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John Skelton, poetry, courtly environment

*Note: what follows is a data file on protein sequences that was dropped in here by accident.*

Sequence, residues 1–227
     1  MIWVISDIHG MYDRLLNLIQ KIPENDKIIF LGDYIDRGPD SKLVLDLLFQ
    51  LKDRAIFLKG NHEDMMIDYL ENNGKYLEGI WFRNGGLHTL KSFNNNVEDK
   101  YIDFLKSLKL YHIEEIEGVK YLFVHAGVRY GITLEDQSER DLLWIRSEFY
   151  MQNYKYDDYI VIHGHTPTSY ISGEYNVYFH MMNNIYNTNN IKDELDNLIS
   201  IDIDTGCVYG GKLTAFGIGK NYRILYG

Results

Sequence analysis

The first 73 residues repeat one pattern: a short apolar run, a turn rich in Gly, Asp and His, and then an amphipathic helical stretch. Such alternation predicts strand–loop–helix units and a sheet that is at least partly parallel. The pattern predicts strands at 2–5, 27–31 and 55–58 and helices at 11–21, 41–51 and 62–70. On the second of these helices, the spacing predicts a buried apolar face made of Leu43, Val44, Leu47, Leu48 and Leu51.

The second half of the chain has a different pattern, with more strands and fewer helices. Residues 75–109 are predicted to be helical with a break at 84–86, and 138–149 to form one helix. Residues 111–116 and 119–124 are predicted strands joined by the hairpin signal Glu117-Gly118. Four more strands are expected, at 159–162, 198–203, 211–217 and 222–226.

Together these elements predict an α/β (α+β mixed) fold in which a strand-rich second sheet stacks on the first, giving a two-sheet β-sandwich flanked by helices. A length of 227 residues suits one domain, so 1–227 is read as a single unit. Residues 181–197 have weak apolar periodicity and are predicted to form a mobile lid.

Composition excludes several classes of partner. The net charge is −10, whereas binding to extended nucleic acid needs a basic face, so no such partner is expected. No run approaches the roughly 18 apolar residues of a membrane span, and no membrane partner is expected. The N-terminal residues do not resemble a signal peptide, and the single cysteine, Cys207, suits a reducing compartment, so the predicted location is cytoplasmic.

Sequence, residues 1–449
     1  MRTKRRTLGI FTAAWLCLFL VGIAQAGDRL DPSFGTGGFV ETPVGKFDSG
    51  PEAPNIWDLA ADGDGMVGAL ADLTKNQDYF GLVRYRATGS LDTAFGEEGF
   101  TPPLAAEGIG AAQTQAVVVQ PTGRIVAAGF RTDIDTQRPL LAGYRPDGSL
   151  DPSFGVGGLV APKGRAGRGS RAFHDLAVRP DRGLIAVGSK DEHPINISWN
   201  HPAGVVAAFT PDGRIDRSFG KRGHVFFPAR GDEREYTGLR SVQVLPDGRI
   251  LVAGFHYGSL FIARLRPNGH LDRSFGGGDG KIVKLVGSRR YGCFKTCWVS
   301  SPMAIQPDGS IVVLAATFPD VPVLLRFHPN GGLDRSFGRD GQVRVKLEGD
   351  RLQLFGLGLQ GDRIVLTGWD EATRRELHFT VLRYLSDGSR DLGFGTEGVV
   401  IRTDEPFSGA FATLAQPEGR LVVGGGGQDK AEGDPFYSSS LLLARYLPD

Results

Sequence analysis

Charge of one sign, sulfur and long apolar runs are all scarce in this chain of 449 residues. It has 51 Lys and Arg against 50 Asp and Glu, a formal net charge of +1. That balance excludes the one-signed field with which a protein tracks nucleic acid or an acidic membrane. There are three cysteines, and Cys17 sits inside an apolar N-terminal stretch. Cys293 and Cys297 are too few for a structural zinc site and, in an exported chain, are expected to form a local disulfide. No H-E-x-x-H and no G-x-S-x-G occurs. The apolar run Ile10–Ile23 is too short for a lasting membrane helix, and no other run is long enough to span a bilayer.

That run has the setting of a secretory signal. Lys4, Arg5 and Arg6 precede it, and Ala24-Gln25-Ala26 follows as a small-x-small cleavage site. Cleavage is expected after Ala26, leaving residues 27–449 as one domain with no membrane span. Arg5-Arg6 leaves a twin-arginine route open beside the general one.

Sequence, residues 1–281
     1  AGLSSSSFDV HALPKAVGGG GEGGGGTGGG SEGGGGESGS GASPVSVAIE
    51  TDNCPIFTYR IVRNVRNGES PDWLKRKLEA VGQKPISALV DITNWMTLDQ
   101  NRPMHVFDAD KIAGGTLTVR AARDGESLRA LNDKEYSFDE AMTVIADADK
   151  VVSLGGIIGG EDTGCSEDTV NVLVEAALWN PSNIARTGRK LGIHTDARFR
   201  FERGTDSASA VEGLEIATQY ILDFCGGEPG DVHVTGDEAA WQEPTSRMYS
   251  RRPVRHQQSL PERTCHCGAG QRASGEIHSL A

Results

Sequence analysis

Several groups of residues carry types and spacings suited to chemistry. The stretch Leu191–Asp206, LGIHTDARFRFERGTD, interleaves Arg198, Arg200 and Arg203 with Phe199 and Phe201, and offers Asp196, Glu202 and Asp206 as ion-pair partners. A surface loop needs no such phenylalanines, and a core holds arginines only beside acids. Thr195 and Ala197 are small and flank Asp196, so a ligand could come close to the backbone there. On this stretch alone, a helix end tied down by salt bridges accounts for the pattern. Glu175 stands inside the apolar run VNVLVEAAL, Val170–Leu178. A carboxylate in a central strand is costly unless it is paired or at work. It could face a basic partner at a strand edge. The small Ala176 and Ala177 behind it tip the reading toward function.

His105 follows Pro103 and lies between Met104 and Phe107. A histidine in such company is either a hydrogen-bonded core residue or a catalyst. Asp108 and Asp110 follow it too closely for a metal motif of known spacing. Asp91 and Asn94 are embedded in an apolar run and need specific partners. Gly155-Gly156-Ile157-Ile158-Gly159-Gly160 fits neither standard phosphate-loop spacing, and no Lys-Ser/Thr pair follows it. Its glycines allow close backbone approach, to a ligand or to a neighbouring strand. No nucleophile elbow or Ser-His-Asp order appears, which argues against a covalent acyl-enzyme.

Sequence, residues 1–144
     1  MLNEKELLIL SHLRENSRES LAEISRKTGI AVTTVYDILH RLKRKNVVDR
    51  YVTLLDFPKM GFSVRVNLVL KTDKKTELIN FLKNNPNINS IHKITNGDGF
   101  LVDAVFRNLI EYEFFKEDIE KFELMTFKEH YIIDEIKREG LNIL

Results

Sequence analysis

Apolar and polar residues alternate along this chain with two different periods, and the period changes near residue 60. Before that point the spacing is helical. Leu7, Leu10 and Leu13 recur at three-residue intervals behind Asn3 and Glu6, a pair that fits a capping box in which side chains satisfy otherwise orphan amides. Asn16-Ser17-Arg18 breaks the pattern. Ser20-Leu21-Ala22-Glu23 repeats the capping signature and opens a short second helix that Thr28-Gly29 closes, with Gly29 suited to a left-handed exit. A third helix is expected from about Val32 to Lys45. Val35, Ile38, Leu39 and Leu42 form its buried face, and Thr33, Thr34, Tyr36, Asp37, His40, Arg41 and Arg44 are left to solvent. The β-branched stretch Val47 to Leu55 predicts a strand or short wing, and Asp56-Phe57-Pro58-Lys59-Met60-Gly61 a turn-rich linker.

John Skelton's 1514 flyting "Agenst Garnesche" has been subject to little critical scrutiny. This neglect can perhaps be attributed to the fact that Christopher Garnesche's contribution is missing, but it is also characteristic of the relative neglect accorded to the flyting as a genre, a neglect that has also colored the interpretation of many of Skelton's more abusive poems. One critic, for example, has dismissed the poem as being "nothing but personal abuse of a particularly virulent type . . . adorned with a singular collection of epithets and incomprehensible allusions, which serve only to befog and irritate the reader." One way others have defended Skelton from such charges has been by appealing to the generic constraints of the flyting and its possible relationships to the French tenson or the humanist invectiva. But while these considerations are important to any informed interpretation of the poem, they threaten to reduce it to a merely literary exercise, instead of seeing these traditions as part of the complex court contexts that produced the poem. A more profitable line of approach is to locate the poem within the courtly environment and within the context of Skelton's poetic career.